NEW JERSEY MARKED COLT SPECIAL MODEL 1861 RIFLE MUSKET

$2,950.00 ON HOLD

Quantity Available: 1

Item Code: 1184-56

This is a good example of a Special Model 1861 .58 Caliber Rifle Musket made by Colt in 1862, with matching lock and barrel dates, and (according to Moller) likely delivered to the state of New Jersey on a purchase order of July 8, 1863, for 2,500 Colt rifle muskets placed through Schuyler, Hartley and Graham, the well-known military goods firm in New York City. Hartzler, Yantz and Whisker speculate New Jersey marked Colt rifle muskets were delivered on an undocumented state contract and the number was larger, but the Colt company was likely more concerned to keep the Federal government happy with steady deliveries of their rifle muskets- perhaps in part because they were getting blowback from their revolver pricing. A second New Jersey order with Schuyler, Hartley and Graham for 1,500 was terminated for failure to deliver the rifles on time according to Moller, which would indicate where their priorities lay.

Not one to let a business opportunity slip by with the outbreak of war, Colt approached the U.S. Chief of Ordnance on May 13, 1861, with a request for new M1861 rifle muskets as patterns for production. The official pattern was not adopted, however, until July and Colt began producing a rifle musket for his initial contract of 25,000 that blended elements of the M1861 and the British P1853, elements later adopted for the M1863: notably, a contoured hammer and direct vent that used a flat-faced bolster without cleanout screw, thinner lockplate, clamping barrel bands that did away with springs, and several other changes that were copied by Lamson, Goodman and Yale, and Amoskeag because they were supplied with his patterns and gauges. Those differences prevented the “special model” from being fully interchangeable with the M1861, but they were needed arms. Colt delivered 8,005 in 1862, 47,000 in 1863, and 45,000 in 1864 on three different U.S. contracts.

This is Colt’s standard configuration: .58 caliber with 40-inch barrel, complete and all original, with both sights, and all bands, swivels and rod in place. The metal is in the white, or “armory bright,”as is correct, with generally smooth surface now a muted silver, with the exception of the two-leaf rear sight, which shows old blue, and some thin blue on the lockplate, which H.Y.&W. (p.57) attribute to a Colt preference or reflection of some U.S. contracts specifying blued locks. The action is crisp and strong. The bore is clean and bright with fair rifling. The wood to metal fit is tight, all markings are deep and clear. The buttplate tang has a U.S. stamp. The lockplate reads, “U. S. / COLT’S PT F. A. MFG CO / HARTFORD, CT” forward of the hammer and is dated “1862” to the rear of the hammer. The date is matched by a clear “1862” on the barrel. The bolster has a sharp, spread-winged eagle. The left breech of the barrel has strong “V / P / [eaglehead]” proofs, and a deep “NJ” on the flat just below, just a little light on the bottom edge of the letters. This is matched by and equally crisp “N.J.” stamp in the wood, just below and to the rear, on the counterpane. As is correct for a commercial purchase or state contract, there are no U.S. inspection stamps or cartouches, and the state markings were likely applied at the state armory at Trenton.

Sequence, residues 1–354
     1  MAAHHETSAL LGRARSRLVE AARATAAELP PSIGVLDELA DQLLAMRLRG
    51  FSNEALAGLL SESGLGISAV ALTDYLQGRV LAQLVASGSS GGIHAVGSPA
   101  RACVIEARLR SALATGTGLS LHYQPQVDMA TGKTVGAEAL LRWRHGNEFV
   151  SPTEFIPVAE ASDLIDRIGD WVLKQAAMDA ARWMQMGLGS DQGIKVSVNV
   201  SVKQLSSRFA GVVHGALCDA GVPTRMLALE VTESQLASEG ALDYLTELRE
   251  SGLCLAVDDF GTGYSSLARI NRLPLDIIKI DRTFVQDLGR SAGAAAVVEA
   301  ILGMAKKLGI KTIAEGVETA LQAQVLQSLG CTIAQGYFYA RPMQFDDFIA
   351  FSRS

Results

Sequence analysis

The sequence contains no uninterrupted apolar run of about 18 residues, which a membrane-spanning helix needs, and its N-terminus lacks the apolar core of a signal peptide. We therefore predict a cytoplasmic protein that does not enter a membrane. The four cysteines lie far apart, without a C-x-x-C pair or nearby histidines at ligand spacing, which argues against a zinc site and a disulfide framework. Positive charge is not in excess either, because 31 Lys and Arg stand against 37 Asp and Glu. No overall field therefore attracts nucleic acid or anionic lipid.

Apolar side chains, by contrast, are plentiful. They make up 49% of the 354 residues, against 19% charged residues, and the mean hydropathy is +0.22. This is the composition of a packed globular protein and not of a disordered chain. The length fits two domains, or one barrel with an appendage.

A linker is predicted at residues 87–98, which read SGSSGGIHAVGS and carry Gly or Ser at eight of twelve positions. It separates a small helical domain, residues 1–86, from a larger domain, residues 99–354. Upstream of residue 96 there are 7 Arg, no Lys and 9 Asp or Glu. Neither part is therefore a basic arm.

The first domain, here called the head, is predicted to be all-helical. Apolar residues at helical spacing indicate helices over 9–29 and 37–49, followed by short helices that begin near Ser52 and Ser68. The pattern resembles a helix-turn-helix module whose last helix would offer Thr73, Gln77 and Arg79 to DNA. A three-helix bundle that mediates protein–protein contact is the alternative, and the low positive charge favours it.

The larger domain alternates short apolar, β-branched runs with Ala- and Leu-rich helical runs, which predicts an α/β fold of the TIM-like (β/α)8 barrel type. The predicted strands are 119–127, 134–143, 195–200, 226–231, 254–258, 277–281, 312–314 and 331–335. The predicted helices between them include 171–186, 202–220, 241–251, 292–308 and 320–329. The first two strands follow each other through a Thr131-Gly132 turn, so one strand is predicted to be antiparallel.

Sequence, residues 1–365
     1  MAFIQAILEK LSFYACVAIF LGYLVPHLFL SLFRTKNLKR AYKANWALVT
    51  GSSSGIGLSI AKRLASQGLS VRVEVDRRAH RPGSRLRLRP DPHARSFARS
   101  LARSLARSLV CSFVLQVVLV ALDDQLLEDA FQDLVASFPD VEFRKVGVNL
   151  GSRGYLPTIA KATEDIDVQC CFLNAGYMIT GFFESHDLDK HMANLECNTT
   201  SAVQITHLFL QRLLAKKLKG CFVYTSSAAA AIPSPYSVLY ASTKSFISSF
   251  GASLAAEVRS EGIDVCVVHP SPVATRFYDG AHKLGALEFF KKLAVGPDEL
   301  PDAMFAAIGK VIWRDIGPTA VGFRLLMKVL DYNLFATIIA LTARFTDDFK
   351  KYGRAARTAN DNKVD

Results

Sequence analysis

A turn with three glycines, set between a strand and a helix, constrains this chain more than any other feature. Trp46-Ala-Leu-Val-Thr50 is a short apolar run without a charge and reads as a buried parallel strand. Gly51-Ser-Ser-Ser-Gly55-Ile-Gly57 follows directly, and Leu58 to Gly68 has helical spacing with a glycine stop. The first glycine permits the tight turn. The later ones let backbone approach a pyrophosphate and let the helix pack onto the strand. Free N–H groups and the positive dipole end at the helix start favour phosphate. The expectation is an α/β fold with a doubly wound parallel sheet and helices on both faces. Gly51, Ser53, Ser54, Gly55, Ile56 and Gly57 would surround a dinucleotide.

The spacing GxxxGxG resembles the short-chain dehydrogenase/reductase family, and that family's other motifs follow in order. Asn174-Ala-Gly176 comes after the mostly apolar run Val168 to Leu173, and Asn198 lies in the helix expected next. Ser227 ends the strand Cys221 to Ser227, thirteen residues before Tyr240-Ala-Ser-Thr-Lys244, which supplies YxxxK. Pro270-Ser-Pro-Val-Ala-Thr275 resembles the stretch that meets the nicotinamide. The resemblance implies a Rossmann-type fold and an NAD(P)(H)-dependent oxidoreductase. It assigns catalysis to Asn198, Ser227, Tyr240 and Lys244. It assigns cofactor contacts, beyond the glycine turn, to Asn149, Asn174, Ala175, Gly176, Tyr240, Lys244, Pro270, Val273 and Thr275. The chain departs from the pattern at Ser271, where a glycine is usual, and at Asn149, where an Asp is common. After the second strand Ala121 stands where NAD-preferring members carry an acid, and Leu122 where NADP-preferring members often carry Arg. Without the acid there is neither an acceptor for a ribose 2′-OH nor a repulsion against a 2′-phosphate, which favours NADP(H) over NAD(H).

The barrel shows a few abrasions from storage around the lower band and a small check above that. The nipple is not battered down and the surface of the breech next to the hammer and bolster is excellent. The wood has good color and edges, though it shows more handling and storage marks with a few small pressure dents on the counterpane, a divot on the upper left butt near the buttplate and on the lower right forestock behind the middle band, with a chip off the edge of the barrel channel just above.

This would fit nicely in a collection of contract and commercial rifle-muskets, Colt arms, or Civil War New Jersey material.  [sr]  [ph:L]

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